It's time once again for the 97.3 ESPN Phillies Mailbag.  Each week we take your Phillies questions and then talk about them on the Sports Bash with Mike Gill.  Send your questions on Twitter to @FrankKlose or to

Why are the Phillies willing to lose with guys on the decline when they could lose with young guys learning curve who'll improve?

Betsy's question is a common one.  Usually, it revolves around the Phillies young outfield corps.  Howie Kendrick and Michael Saunders were added into the mix for 2017, rather than the likes of Roman Quinn and Nick Williams being given a chance at the big league level.  But there is good reason.

The Phillies really want their prospects to earn their jobs.   For Quinn, he must show he can be healthy.  We know Quinn has tools.  For Williams, he needs to show a bit more maturity and show he can step up and claim a starting job.  Last season, Williams said he pressed when he saw the gaping holes in the Phillies outfield.  The Phillies are trying to avoid that this season.

Saunders is still mid-career; Kendrick certainly is not the player he used to be.  But, both will bring a sense of stability to the Phillies that they might hot have with Tyler Goeddel and Aaron Altherr starting alongside Odubel Herrera.  Altherr will get to play a lot as the fourth outfielder and Goeddel can develop in the minors.

On the mound, the Phillies have veterans Jeremy Hellickson and Clay Buchholz.  While it would appear they are blocking two young starters from getting a shot, the Phillies already saw Jake Thompson and Zach Eflin succumb to injuries this Spring.  Thompson made it back and was optioned; Eflin has yet to pitch beyond a minor league game.  The Phillies had some lingering concerns about Aaron Nola's health, too.

If the Phillies were without Nola right now and Eflin had yet to pitch in a Grapefruit League game, the Phillies would be feeling pretty desperate.  Now, they feel as if they have all their bases covered.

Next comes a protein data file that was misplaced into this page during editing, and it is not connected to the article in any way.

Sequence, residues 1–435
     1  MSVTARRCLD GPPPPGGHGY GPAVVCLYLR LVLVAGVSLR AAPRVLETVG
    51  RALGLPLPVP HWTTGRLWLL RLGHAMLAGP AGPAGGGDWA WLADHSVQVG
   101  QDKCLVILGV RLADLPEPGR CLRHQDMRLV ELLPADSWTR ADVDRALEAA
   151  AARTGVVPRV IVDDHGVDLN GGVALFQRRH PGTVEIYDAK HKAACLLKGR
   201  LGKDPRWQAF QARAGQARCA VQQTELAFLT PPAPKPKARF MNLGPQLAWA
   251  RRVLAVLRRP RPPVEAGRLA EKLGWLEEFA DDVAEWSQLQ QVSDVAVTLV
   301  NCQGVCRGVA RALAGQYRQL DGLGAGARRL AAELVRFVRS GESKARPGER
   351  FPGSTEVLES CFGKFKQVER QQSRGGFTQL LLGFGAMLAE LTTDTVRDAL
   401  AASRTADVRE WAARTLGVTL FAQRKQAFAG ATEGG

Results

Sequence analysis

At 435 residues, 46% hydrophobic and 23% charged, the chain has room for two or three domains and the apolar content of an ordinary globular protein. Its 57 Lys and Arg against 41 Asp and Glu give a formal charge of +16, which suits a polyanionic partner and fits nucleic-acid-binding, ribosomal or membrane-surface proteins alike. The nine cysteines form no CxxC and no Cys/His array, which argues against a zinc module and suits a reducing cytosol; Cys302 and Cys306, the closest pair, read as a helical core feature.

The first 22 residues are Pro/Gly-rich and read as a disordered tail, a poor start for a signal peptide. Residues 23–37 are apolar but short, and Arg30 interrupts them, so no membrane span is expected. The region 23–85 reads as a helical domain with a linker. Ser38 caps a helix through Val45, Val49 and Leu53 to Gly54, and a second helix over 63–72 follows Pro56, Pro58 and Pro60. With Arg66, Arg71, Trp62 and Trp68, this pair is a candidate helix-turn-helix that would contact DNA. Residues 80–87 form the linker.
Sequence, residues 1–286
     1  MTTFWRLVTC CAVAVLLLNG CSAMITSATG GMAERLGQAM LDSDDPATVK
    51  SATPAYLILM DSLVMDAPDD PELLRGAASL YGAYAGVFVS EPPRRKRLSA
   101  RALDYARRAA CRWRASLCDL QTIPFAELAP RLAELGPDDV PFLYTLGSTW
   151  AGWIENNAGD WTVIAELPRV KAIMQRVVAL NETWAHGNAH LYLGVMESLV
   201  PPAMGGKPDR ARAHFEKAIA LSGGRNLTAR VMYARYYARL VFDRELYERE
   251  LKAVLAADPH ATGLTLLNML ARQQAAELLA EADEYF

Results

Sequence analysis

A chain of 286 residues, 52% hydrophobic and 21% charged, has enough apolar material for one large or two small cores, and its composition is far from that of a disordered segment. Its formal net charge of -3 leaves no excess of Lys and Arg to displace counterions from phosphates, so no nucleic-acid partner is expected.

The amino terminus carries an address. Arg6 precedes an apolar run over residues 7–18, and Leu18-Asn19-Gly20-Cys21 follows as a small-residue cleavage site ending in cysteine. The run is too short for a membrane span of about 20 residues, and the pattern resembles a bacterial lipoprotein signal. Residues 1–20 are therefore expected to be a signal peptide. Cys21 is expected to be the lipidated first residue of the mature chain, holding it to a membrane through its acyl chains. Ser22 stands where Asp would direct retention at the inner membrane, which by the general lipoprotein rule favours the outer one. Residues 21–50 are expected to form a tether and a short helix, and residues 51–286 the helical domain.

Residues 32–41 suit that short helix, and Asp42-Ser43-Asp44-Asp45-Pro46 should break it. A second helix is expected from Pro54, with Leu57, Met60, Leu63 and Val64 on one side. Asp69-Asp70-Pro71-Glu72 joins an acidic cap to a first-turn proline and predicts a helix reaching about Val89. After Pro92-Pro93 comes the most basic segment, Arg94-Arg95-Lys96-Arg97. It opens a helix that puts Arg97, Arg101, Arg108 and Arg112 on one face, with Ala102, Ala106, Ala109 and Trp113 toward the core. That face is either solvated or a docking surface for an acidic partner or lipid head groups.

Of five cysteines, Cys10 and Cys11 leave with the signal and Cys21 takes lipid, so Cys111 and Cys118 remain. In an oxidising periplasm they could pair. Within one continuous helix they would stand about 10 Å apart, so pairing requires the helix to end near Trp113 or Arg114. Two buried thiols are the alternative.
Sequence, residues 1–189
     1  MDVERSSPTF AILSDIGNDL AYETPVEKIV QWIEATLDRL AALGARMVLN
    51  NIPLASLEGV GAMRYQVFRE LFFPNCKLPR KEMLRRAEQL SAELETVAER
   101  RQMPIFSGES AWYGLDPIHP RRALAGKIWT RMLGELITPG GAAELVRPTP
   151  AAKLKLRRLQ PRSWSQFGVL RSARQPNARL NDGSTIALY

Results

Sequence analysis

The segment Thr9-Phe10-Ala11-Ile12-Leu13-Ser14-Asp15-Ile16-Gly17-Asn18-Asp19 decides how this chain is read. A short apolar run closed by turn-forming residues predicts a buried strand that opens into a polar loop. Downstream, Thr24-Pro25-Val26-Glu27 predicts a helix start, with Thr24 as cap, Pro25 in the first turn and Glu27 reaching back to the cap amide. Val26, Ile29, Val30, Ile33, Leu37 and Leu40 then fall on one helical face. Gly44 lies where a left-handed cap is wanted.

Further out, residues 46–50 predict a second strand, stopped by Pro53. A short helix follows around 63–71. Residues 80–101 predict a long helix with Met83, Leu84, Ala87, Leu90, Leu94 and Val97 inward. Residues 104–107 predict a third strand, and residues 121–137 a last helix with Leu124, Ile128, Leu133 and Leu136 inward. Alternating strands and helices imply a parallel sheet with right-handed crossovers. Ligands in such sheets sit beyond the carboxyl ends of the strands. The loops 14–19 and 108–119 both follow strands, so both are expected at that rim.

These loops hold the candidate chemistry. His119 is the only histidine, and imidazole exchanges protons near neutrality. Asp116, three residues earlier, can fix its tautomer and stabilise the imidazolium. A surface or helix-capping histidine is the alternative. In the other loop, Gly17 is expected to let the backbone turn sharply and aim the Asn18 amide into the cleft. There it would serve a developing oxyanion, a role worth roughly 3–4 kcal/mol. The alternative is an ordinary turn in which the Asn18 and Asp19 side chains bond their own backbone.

I think if the Phillies had their way, the young players would be ready to take over by the July 31 trade deadline.  But the sense of stability the four veterans the Phillies have will help them pass the torch the younger players when they are ready instead of using them out of necessity.  I think they are in a good place right now.

Will Howie Kendrick's salary prevent his release?

This question is a good follow-up to the previous question.  I think George is not impressed by Kendrick's .212 batting average this Spring.  But, George's question is a good one going forward: will salaries affect roster decisions the Phillies make?

Salaries were not a worry for the Phillies heading into 2017.  Consider this: Kendrick, Saunders, Buchholz, and Hellickson will combine for $49 million.  That's the cost of an ace pitcher and an ace closer.  But, the Phillies are not yet ready to win and neither really makes sense to acquire right now.

So the Phillies put out a lot of money for helpful veteran pieces that will help bridge the gap to the younger players.  Should the Phillies ever need to move on from any of them, money will not be a concern.   If the trade deadline comes and Kendrick, Buchholz, or Hellickson are under-performing and a younger player is ready to take his rightful spot in the Phillies rotation or outfield, the Phillies do have the financial muscles to simply just cut the player.

However, do not worry about a Spring Training performance from a veteran like Kendrick.  Kendrick still gives the club professional at bats, and he likely will do so for the Phillies batting second and moving Cesar Hernandez when he gets on base to open a game.  Besides - Maikel Franco is batting just .005 higher than Kendrick this Spring.  There is plenty of time to decide if Kendrick needs to go as the real season plays out.

Could the Phillies get stuck keeping Valentin or Quinn?

This is an interesting question.  First, we know that Quinn has already been optioned to Triple-A Lehigh Valley.  Second, the question is based upon the premise that the Phillies will be forced to promote someone from the 40-man roster.  But Jesmuel Valentin is another story: he remains in camp with the big club and has a real opportunity to make the Phillies.

In Grapefruit League action, Valentin is batting .378 with an OPS of .980 thanks to plate discipline that leads to walks.  Valentin is a switch-hitter, which is very helpful on a bench, and he plays fine defense at second base, though the Phillies could use him at shortstop and third base.

Should Valentin be on the Phillies roster, it frees up Andres Blanco to be a pinch hitter.  The utility infielder is often the last player off of the bench. So, if Valentin is the late-game insurance for an injury, Blanco could pinch hit and the Phillies not have to worry about moving Howie Kendrick out of his left field position too frequently.

The Phillies could have used Tyler Goeddel on the bench due to his occupation of a roster spot.   But Goeddel has been optioned to Double-A Reading and Quinn to Triple-A Lehigh Valley.  That means if the Phillies only want to make one roster cut (barring a trade), the Phillies will have to use Valentin.

But, the Phillies could also keep both Brock Stassi and Daniel Nava if they find two roster spaces.  This will be an interesting week for the Phillies.

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